Discuss decisions to surface values

Of course, you’d rather just hire good people to begin with, people who act with integrity once they’re on board. You can’t just ask someone in a job interview what their values are and expect an accurate answer. Most people don’t know their values. But decisions are where values kick into action. So ask candidates open-ended questions about past decisions (recent past behavior predicts future behavior fairly well). Their answers will imply values. If they don’t have relevant past experience, hypothetical questions are next-best. “There’s a regulation that is keeping you from doing your job. Everyone knows the regulation is there for historical reasons only, breaking it won’t hurt anyone, and it will result in great profits for the firm. What do you do? How do you justify your decision to your manager?”

These are process questions; they ask for reflection on how things get done. Encourage regular process discussions. They get people used to thinking about what’s OK and what’s not. If business is fast-paced or requires big risks, openly questioning how business is happening make it more likely to bring outside-the-bounds schemes to light early.

Ignoring process and focusing solely on outcomes is dangerous. It’s one way to encourage deliberate tomfoolery. In reports of Enron’s collapse, Jeff Skilling never told employees to act unethically. He simply demanded extreme results and made it clear any behavior was acceptable to produce them. In the recent Abu Ghraib prison scandal, the alleged command to “soften up” prisoners for interrogation turned into torture. A simple process comment could have avoided the scandals: “By the way, here’s a copy of the Geneva Convention. Stay within these bounds.”

Your goal is to get people feeling accountable for their own actions and making value-aligned judgments. Trader Nick Leeson brought down Barings Bank through ongoing fraud. In his book, he’s amazed that his bosses didn’t stop him. Yes, their oversight was shoddy. But their preparation was even worse. Those bosses never cultivated Leeson’s feeling of personal accountability for his actions. Even after serving prison time and writing his book, he was still looking to them to be his conscience.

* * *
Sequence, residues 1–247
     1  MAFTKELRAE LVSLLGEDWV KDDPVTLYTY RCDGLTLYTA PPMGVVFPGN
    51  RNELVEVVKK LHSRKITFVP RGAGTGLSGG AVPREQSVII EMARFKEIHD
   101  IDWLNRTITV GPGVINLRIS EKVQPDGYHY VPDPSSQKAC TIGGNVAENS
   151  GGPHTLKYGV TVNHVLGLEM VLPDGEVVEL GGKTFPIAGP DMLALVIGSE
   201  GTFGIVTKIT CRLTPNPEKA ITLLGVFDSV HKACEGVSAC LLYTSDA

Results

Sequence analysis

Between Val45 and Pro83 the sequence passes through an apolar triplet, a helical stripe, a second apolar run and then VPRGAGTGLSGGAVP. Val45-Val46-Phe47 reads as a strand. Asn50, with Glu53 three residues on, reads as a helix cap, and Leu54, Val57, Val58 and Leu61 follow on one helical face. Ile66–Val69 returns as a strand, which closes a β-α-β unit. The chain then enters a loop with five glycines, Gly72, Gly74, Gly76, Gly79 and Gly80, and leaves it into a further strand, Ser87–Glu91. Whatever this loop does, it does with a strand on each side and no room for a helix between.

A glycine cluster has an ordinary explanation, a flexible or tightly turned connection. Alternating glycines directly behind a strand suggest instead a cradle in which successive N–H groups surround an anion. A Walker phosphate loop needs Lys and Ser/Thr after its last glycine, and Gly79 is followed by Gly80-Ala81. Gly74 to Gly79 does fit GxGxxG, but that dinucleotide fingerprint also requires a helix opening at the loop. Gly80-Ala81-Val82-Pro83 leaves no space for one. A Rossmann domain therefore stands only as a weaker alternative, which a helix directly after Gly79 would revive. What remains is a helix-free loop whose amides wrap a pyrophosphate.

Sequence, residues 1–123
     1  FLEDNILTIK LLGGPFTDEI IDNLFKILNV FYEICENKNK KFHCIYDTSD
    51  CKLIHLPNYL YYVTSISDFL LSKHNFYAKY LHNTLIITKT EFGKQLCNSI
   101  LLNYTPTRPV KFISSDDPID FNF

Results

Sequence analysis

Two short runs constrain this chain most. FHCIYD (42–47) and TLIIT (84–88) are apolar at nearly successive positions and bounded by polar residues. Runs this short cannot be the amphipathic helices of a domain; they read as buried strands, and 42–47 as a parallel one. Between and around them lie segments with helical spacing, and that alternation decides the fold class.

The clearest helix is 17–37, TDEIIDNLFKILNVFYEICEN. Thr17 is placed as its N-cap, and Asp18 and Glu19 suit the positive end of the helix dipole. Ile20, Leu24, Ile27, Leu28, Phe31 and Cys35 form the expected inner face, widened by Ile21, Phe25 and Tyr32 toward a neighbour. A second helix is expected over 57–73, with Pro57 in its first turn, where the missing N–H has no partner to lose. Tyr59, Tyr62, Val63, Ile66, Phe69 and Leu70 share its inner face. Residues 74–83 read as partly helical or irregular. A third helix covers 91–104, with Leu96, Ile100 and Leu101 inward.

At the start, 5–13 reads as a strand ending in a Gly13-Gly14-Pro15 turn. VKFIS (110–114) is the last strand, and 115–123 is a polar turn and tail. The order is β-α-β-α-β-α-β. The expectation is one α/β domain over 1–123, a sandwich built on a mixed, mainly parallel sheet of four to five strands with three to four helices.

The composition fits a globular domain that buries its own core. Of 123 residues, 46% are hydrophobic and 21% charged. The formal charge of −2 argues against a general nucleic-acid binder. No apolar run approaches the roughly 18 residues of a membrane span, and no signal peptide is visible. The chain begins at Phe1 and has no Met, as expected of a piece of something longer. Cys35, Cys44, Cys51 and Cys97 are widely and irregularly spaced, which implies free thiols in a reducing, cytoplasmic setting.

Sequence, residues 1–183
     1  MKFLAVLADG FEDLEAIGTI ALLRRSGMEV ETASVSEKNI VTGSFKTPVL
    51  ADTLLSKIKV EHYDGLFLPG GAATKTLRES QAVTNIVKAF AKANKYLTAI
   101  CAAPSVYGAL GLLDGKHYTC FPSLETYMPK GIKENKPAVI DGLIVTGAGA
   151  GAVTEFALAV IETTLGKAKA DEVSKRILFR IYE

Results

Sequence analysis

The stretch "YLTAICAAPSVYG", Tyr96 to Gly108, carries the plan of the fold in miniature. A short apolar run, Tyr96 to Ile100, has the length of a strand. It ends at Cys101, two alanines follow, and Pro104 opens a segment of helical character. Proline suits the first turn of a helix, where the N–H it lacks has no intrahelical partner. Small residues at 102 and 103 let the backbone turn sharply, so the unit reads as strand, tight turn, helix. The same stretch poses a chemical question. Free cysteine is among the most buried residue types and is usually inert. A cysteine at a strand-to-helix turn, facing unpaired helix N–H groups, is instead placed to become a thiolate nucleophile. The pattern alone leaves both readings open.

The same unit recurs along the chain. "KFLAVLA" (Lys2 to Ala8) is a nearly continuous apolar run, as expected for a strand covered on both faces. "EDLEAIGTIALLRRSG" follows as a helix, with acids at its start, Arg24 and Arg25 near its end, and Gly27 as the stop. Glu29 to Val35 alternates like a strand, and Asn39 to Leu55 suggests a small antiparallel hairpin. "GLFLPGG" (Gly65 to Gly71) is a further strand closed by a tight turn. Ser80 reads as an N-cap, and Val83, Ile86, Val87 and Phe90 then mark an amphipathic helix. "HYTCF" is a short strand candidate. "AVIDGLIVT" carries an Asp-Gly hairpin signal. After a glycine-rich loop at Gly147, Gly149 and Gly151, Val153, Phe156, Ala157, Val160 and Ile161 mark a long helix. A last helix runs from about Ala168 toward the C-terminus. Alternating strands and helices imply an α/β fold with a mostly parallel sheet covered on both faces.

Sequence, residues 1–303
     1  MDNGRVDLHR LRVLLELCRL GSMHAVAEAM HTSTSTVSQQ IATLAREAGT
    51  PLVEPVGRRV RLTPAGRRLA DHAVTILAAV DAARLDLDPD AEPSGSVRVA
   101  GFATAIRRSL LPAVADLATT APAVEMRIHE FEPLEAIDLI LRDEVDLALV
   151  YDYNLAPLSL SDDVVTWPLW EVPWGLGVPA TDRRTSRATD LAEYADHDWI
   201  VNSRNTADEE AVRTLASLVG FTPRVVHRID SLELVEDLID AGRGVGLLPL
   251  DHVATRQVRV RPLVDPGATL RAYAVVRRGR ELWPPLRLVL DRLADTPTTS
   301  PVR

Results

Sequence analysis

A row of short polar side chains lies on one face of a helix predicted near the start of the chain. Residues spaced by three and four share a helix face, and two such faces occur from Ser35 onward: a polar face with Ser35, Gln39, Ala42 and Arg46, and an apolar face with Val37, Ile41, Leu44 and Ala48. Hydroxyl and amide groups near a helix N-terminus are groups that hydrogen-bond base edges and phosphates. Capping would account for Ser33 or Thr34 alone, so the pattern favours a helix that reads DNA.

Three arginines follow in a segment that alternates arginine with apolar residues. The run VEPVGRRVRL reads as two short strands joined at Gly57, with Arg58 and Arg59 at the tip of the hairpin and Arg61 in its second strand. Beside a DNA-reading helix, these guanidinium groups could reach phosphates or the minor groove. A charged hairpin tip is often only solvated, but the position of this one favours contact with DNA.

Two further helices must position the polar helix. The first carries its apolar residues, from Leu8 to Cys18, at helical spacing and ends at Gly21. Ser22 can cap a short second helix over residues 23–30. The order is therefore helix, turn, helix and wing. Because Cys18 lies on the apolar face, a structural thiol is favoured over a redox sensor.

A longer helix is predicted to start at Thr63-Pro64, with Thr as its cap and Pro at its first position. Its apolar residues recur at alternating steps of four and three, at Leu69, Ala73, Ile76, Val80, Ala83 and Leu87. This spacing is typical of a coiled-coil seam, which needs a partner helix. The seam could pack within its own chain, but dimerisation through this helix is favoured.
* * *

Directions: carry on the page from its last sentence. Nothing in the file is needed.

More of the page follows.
You grow personal accountability by treating people as adults. Discuss their decisions frankly. Make them understand you’re counting on their good judgment. Give them authority, but only when you’re confident they can use it responsibly. If things go wrong, hold them accountable for recovery and learning from the mistakes. And beware of micro-management! Telling people every detail of how things must get done lets them run on automatic, rather than take responsibility for making the right choices.

If you haven’t the luxury of being sure of people before handing them the reins, try surprise “decision audits” from time to time. Drop by a project, ask about recent decisions, and discuss how those decisions were made. Don’t micro-manage, but simply take in information to understand how values are playing out. Have your managers hold similar audits, and as long as they’re taken seriously, you’ll build a culture that expresses your values.

Ultimately, that’s the best you can do. A leader will always be responsible for the sins of the followers. Alas, that’s the nature of the job. We can tell people the rules, but we minimize our risk through values as well as rules. By modeling clear values, discussing them, and incorporating them into the way decisions get made, we can make it much more likely our organization will do the right things.

© 2004 by Stever Robbins. All rights reserved in all media.

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Minimizing the Risks of Leadership